Bright white light may help patients with bipolar disorder

Bright white light may help patients with bipolar disorder
Click for full image

New York: Daily exposure to bright white light at midday may significantly decrease the symptoms of depression and increase the functioning in people with bipolar disorder, according to a study that paves the way for new treatment options.

Previous studies have found morning bright light therapy reduced symptoms of depression in patients with Seasonal Affective Disorder (SAD).

However, patients with bipolar disorder can experience side effects such as mania or mixed symptoms from this type of depression treatment.

The study, published in American Journal of Psychiatry, implemented a novel midday light therapy intervention in an effort to provide relief for bipolar depression and avoid those side effects.

Researchers from Northwestern University in the US found that compared to dim placebo light, participants assigned to bright white light between noon and 2:30 pm for six weeks experienced a significantly higher remission rate (minimal depression and return to normal functioning).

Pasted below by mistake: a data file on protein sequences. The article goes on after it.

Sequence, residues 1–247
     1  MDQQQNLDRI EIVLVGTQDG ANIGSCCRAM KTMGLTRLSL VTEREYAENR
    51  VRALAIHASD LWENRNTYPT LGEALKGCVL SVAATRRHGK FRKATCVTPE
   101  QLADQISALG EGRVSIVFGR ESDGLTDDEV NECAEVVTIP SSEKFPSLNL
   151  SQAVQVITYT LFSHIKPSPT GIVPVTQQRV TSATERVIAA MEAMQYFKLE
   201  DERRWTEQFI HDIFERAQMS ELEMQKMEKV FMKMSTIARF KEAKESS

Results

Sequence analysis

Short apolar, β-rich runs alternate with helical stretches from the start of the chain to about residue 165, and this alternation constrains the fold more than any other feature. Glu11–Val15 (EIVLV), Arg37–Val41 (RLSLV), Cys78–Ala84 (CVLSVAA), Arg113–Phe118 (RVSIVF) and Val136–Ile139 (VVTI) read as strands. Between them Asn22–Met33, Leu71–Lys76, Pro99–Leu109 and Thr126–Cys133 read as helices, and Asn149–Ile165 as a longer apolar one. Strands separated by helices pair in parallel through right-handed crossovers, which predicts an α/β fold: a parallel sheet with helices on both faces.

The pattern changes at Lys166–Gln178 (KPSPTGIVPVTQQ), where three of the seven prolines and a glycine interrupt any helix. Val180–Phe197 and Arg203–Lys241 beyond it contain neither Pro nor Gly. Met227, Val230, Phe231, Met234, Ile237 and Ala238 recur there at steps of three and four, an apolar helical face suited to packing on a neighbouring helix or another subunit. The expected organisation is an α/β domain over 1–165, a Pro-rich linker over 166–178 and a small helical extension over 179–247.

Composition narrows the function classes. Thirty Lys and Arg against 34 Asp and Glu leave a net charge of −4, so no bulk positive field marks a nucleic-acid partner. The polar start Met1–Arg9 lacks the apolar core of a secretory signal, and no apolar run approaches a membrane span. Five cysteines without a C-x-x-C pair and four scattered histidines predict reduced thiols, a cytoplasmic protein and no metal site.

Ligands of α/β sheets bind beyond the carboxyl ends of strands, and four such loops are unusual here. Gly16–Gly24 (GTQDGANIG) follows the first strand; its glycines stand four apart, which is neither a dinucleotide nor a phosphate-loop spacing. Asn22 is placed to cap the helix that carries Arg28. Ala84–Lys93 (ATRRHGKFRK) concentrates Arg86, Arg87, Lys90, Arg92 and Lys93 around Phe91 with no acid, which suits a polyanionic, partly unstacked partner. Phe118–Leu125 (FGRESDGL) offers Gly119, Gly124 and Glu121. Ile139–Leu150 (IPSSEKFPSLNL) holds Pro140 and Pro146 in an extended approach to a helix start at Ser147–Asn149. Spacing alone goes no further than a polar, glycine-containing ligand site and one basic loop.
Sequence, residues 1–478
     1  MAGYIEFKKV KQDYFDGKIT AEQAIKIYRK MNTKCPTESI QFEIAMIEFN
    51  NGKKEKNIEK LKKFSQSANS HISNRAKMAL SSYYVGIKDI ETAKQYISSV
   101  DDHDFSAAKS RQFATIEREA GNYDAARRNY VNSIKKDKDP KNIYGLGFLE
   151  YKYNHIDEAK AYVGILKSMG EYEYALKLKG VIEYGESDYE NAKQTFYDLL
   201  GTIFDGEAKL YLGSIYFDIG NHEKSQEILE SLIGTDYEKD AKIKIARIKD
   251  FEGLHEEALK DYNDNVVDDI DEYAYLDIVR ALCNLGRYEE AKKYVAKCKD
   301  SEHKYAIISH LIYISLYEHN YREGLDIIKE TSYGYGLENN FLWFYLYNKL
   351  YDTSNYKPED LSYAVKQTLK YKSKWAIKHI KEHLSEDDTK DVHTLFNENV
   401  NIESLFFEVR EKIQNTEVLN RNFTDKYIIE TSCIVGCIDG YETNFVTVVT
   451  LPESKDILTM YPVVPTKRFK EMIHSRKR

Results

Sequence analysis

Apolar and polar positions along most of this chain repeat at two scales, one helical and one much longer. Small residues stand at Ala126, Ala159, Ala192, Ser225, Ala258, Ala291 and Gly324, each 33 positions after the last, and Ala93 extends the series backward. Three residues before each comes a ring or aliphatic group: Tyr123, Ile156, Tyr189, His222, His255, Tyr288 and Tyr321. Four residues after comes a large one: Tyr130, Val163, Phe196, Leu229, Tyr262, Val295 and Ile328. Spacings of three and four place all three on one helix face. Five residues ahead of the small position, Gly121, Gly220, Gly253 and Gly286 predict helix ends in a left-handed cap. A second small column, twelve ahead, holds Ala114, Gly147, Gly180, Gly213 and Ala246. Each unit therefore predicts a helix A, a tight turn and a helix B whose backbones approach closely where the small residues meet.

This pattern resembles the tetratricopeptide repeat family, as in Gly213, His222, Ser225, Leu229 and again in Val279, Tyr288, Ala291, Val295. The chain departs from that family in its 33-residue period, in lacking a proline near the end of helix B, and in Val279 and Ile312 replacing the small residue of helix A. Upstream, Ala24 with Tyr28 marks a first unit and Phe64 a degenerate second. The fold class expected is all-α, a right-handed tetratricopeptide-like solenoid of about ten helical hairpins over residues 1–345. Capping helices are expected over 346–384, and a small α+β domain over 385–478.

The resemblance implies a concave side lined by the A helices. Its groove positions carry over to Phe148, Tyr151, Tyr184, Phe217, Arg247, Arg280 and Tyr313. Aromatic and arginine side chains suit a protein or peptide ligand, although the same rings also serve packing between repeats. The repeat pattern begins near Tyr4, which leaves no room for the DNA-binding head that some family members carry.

More than 68 percent of patients who received midday bright light achieved a normal level of mood, compared to 22.2 per cent of patients who received the placebo light, researchers said.

The team noted that the group receiving bright light therapy also had a much lower average depression score of 9.2 compared to 14.9 for the placebo group and significantly higher functioning.

“Effective treatments for bipolar depression are very limited,” said Dorothy Sit, associate professor at Northwestern University.

“This gives us a new treatment option for bipolar patients that we know gets us a robust response within four to six weeks,” Sit said.

The study included 46 participants who had at least moderate depression, bipolar disorder and who were on a mood stabiliser.

Patients were randomly assigned to either a 7,000 lux bright white light or a 50 lux placebo light. The light therapy patients were instructed to place the light box about one foot from their face for 15-minute sessions to start.

Every week, they increased their exposure to the light therapy by 15-minute increments until they reached a dose of 60 minutes per day or experienced a significant change in their mood.